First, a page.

“People will have recently stopped drinking and then the Super Bowl will come around,” said Fehling. “Then everyone is drinking and it’s too much for them to handle.”

Fehling said some people fall in line with the crowd thinking they can just have a few beers, while other will try to resist for as long as possible but give in once they’re alone.

“When they’re in a social setting of high amounts of binging and high amounts of alcohol all around,” Fehling said of recovering alcoholics. “Their craving is through the roof. The craving is one step before a relapse.”

Drinking while watching the Super Bowl seems to be a longstanding tradition and Americans purchased 52 million cases of beer before the big game, according to a 2009 Nielson study.

A 2014 study from the University of Buffalo found that even among approximately 100 heavy drinking men, the Super Bowl lead to especially high amounts of alcohol consumption.

The men were found to drink an average of 8.7 drinks on Super Bowl Sunday up from 6 drinks on a Saturday night, the day with the most alcohol consumption on average.

“The fact that even among adults who drink at high levels, drinking increases on Super Bowl Sunday. I think this highlights the fact that Super Bowl Sunday is associated with hazardous drinking,” said Ronda Dearing, lead author of the study at the Research Institute of Addictions at the University of Buffalo.

In Denver, Fehling said the big game can also have unexpected consequences for those new to recovery.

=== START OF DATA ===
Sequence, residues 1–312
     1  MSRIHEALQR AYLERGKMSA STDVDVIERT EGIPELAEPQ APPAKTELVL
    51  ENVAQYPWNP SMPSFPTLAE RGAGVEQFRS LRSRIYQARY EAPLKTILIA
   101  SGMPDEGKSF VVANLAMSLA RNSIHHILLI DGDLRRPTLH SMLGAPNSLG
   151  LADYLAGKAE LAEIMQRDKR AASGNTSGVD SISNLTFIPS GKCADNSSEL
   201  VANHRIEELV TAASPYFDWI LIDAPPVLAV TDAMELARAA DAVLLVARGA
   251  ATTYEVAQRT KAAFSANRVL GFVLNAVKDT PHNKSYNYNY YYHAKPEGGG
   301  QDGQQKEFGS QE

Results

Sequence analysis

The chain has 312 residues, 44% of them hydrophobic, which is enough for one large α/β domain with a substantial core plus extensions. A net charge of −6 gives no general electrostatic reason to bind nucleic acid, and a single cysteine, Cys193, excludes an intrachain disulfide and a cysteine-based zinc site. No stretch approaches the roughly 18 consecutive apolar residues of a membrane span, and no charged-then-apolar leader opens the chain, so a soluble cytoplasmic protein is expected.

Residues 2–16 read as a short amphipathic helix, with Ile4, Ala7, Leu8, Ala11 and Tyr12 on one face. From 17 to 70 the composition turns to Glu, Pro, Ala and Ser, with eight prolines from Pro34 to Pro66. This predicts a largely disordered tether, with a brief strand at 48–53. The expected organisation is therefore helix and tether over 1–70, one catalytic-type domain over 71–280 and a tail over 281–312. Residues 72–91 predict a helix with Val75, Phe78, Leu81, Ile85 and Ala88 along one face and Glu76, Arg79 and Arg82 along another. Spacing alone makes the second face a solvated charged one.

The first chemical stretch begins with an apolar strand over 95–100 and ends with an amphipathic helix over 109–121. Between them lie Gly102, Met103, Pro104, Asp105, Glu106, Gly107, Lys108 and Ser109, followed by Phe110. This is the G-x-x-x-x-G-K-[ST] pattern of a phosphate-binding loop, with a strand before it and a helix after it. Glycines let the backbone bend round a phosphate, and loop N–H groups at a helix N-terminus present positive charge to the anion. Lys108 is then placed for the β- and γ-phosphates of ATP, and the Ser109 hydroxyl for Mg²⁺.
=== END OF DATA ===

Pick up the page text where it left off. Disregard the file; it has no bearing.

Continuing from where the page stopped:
“We have people who discharge from treatment and want to watch the game,” said Fehling. “Just the pull for them to drink and enjoy the spectacle,” is too strong.

Origins Behavioral Healthcare, a Florida-based company which treats people with substance abuse, starts to hear from more concerned family members after the Super Bowl.

Rachel Docekal, vice president of marketing at Origins Behavioral HealthCare, said people will start to call to ask about how to get help for a loved one or how to approach the idea of an intervention.

“Problems that have been there throughout the year really come to light,” said Docekal, who said family members will be around to witness how much their loved ones are drinking on a daily basis.

“People find themselves in a situation where they feel embarrassed or had a blackout and recognized they need help,” said Docekal. In these situations, people may feel that their families will help them get treatment.

Docekal said it’s important for those who wake up on Monday and think they have a problem to seek help.